Pawtucket Pitchers Don’t Offer Much Relief

It’s no secret that the Red Sox pitching staff is struggling. David Price isn’t 100% yet. Drew Pomeranz can’t quite maintain consistency. Rick Porcello can’t win a game. Chris Sale is the only one who’s dominating opposing pitchers. Unfortunately, AAA Pawtucket pitchers don’t offer the Boston Red Sox much in terms of relief.

Henry Owens Continues To Struggle

Henry Owens signed with the Red Sox as a 1st round draft pick (36th overall) in 2011.pawtucket pitchers Many touted him as an eventual addition to the Red Sox rotation but his performance in Boston has been anything but promising. In 16 MLB game starts between 2015 and 2016 Owens is 4-6 with a 5.19 ERA. For now Owens is a mainstay in Pawtucket where he has a  4-4 record with a 3.72 ERA as of June 17th. Owens’ main problem continues to be his control. Unfortunately, unless we see some dramatic improvement, Owens likely won’t make it to the majors anytime soon.

Noe Ramirez Is Questionable

Noe Ramirez signed with the Red Sox in 2011 in the fourth round (142nd overall). While he’s currently 3-2 in Pawtucket as of June 18th, his MLB debut keeps many doubtful about his future. He made his debut with the Red Sox in July of 2015 and pitched an inning of relief. His debut proved disastrous. Ramirez allowed four runs (one unearned) on three hits, hit a batter, and struck out one while picking up the loss. Not exactly a debut that strikes confidence.

Brandon Workman’s 2014 Record Still Haunts Him

Brandon Workman has a 3-1 record with Pawtucket so far this season. Workman pitched well in 2013 finished with a 6-3 record including a perfect 8th inning in Game 6 of the 2013 World Series. 2014 was another story. Not only did he finish with a 1-10 record for a .091 winning percentage, but he received a six game suspension for throwing behind the Tampa Bay Rays’ Evan Longoria. A 7-13 MLB record with a suspension under his belt doesn’t make it likely he’ll move up to Boston anytime soon.

Pawtucket Hitters Don’t Offer Much Either

While Pawtucket pitchers aren’t a beacon of hope right now, their hitters aren’t faring much better. Blake Swihart, once a promising player, now lingers in Pawtucket with a .210 batting average as of June 17th. Boston once thought they’d make Swihart a staple behind the plate, or even in left field. But Christian Vazquez is playing better. Andrew Benintendi is doing well in left field. This leaves Swihart’s role with the Red Sox in question. Then there’s Rusney Castillo who, after signing a $72.5 million contact, was supposed to be the next big thing in Boston. While he played okay in 2015 with a .253 batting average, he continues to linger in Pawtucket and goes up to Boston for a cup of coffee here and there. Then there’s Allen Craig…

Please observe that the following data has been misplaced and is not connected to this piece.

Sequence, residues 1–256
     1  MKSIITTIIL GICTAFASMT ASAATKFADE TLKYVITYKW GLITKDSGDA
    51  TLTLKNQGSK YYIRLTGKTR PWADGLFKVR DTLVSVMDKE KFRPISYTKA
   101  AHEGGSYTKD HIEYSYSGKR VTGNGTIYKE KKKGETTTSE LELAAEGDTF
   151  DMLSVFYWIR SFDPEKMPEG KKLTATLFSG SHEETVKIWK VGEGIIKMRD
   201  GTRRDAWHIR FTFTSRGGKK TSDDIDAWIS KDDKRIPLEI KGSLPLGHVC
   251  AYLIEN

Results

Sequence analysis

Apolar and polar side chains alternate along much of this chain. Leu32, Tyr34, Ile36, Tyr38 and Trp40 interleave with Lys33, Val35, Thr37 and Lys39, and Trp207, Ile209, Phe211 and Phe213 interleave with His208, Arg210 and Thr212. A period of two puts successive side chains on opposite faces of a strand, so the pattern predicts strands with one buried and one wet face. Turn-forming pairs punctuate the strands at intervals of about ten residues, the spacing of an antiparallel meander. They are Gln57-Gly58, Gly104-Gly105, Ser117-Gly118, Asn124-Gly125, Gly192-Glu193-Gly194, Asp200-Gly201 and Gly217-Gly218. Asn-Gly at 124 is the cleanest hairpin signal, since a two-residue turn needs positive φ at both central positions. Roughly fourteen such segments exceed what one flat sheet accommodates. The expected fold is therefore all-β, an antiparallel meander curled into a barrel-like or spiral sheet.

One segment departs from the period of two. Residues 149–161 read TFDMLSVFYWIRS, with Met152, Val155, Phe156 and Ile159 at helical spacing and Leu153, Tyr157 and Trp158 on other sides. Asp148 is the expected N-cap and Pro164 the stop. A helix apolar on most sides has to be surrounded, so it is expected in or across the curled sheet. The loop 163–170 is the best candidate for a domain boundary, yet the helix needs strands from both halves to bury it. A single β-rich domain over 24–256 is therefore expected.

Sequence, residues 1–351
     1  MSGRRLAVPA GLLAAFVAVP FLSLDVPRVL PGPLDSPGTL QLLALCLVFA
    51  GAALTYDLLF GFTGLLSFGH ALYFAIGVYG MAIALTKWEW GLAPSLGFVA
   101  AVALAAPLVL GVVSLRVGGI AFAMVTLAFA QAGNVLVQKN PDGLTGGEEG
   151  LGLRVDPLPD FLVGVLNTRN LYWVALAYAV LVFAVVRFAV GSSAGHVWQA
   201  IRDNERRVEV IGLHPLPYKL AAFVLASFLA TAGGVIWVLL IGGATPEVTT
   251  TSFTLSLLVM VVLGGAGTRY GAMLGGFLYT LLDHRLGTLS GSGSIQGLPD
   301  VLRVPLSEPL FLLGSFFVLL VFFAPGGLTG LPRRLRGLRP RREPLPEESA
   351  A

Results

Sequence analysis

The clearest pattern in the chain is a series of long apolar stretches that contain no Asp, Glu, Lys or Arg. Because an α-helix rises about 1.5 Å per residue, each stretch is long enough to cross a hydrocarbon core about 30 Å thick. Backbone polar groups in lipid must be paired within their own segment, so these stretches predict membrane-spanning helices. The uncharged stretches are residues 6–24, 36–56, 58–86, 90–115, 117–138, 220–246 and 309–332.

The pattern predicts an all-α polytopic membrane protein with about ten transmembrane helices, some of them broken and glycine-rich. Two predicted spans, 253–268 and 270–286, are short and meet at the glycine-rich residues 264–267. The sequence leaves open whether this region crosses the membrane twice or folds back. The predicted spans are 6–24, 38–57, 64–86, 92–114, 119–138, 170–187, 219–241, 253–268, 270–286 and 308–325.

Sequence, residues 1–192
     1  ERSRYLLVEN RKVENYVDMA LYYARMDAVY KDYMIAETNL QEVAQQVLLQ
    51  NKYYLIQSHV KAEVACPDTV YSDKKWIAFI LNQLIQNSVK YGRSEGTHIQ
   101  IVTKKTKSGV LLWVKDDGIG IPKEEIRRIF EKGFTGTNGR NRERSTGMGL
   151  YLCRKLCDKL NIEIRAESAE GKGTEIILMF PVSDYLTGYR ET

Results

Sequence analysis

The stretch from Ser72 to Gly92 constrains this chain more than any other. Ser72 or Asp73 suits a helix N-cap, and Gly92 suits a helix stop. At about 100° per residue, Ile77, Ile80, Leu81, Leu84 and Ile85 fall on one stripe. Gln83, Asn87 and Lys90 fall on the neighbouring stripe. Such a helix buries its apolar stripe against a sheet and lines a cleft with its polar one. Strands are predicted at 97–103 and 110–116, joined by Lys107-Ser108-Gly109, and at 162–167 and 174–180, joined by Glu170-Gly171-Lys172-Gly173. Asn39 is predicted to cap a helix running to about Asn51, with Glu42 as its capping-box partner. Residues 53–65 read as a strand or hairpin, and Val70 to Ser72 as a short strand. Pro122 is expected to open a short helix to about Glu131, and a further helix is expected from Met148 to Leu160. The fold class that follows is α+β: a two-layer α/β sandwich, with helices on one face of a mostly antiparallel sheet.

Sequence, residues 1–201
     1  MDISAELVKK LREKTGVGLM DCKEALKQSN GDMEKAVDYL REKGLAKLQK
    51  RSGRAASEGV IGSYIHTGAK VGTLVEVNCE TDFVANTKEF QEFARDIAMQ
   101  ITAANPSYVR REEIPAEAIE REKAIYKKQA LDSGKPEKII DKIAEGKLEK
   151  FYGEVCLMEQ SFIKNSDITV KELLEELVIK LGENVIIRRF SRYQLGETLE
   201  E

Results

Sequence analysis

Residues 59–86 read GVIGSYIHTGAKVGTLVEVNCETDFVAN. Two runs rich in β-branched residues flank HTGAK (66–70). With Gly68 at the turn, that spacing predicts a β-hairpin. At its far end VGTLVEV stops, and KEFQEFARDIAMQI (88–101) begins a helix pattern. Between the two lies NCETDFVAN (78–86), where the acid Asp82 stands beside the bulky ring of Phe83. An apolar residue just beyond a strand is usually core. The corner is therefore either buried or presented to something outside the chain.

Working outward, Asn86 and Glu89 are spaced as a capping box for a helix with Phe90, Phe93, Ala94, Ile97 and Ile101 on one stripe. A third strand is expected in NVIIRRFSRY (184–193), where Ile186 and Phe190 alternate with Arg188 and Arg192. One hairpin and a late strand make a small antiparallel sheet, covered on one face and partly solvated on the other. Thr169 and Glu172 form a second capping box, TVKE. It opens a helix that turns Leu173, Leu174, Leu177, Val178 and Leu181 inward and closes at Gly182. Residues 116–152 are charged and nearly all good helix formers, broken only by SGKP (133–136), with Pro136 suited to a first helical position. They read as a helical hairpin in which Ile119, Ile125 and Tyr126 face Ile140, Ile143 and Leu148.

It’s hard to assign 100% of the blame to these players, especially the hitters. Except for 3rd base, Boston has an everyday man with plenty of utility players to plug the holes. But these players will find it difficult to advance if they’re not traded or start playing better, especially the Pawtucket pitchers.

Red Sox’s Number Five Starter Could Be An Issue

With all of the questions surrounding the rotation this year, Red Sox starters have been largely successful. They were, however, dealt a blow when Steven Wright went down for the season last week. Even though Wright’s season was pitiful, he may have been the best option for the Red Sox’s number five starter.

The number five starter role could be a revolving door until David Price returns to the bigRed Sox's number five starter club, that is, if he does this season. Right now, the man filling that void is Kyle Kendrick. That, you might say, isn’t going well. In his two starts, he’s been lit up like a Christmas Tree to the tune of a 12.96 ERA. The gift awaiting him under the tree he lit was a one-way ticket back to Pawtucket Wednesday night.

So now, John Farrell will have to continue to search for the man to round out his starting rotation. Let’s just say his options are thin at that position.

Who is the favorite for the Red Sox’s number five starter?